• Bodily functions. New bodily functions and fluids go hand-in-hand with puberty, but there are a few little extras, we'll call them, such as wet dreams, that your kid might be worried about — or even be in the dark about. If you've kept an open dialogue with them up until now, they may even approach you about these weird happenings (or their curiosities with things like masturbation), but if not, bring them up.
  • Sexual slang. Largely thanks to social media, it's a lot easier for kids to be in tune with the trendy slang for different sexual acts (think "Netflix and chill"). You owe it to your child — who's at an age when "being cool" can feel super important — to look these terms up and have a discussion with them about the things they're saying and hearing.
  • Sex in the media. This is around the age when they'll want to start seeing PG-13 and even R-rated movies or shows that are likely to have more sexed-up content. You child's potential for seeing more intimate TV scenes or age-inappropriate movies may go up if they're staying up later with access to devices or spending time away from home at friends' houses, so it's a good time to bring up that sex in the media is typically unrealistic, especially when younger people are featured. Using a show or movie character's experiences is a great way to start a dialogue about sex with your tweens.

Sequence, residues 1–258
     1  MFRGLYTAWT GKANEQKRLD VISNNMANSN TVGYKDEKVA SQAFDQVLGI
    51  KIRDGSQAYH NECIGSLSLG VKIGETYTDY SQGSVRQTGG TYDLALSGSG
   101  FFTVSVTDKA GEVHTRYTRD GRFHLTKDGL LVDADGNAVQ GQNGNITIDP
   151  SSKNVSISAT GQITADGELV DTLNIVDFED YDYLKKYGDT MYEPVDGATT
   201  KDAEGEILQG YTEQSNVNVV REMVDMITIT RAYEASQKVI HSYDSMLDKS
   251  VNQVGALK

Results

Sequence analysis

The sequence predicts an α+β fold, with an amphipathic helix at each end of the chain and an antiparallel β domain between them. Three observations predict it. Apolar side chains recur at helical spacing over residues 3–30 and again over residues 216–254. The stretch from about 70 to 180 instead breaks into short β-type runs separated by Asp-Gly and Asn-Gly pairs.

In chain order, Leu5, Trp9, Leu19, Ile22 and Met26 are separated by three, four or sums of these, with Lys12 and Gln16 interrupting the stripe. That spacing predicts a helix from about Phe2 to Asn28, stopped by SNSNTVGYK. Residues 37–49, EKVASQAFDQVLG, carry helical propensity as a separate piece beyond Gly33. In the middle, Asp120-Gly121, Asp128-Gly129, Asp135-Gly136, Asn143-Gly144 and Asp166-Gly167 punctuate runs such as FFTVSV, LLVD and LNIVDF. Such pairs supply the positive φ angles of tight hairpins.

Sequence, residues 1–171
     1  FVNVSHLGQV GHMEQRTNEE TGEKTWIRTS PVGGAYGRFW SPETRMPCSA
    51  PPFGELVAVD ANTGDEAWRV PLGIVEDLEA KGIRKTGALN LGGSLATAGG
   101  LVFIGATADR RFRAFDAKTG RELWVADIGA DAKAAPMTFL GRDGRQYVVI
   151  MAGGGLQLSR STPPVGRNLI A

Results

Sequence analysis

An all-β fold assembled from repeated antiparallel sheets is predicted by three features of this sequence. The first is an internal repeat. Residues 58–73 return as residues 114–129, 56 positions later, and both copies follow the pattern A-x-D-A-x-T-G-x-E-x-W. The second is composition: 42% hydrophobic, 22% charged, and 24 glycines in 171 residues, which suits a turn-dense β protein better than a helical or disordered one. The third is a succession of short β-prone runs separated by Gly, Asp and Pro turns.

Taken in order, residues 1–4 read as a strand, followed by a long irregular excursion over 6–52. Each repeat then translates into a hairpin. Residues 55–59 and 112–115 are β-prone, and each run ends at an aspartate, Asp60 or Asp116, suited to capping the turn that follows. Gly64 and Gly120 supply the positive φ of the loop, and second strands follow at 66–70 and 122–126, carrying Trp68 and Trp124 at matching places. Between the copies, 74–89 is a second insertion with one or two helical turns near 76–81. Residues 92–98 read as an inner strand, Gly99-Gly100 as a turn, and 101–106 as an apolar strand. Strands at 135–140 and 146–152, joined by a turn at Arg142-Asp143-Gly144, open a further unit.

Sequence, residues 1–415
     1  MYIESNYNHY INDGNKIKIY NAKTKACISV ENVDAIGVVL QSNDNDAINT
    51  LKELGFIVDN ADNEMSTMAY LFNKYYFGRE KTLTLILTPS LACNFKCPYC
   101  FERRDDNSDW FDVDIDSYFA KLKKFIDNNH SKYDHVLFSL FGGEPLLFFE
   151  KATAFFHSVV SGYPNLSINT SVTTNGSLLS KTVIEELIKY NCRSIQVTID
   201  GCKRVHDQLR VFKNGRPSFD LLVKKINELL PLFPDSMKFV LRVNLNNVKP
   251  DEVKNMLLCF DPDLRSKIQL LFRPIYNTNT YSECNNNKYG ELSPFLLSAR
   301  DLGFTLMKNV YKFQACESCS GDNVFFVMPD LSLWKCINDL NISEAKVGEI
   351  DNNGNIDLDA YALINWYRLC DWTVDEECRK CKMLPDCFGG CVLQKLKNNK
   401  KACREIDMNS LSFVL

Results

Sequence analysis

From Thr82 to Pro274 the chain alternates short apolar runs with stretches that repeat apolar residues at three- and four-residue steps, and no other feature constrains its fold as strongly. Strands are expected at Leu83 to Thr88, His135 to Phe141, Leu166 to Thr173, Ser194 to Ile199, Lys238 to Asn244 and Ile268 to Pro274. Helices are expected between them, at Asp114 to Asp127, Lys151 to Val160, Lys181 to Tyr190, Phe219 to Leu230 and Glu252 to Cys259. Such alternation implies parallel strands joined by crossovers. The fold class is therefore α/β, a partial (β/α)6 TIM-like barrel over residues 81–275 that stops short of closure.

• Hormones and having relationships. At this age you might put the term relationship in quotes, but we can likely remember either ours or our friends' middle school flings and how "real" they felt. Discuss PDA, hand-holding, dates, loving feelings, and other seemingly innocent and turnkey things that could come up during your child's first relationship. (If you feel like you need to bring up sex at this age — or you're not sure — you should. Skip forward to hear more about that below.)
13 and up
Flickr user mederndepe

13 and up

In this stage, your teen may go through some big changes. On the tails of puberty and potentially having first crushes in middle school, there could be a lot going on for your teen as they enter high school. Whether they're curious about relationships or are already involved with their first love, this is the time to bring up some of the bigger topics you may have been avoiding until it felt more age-appropriate.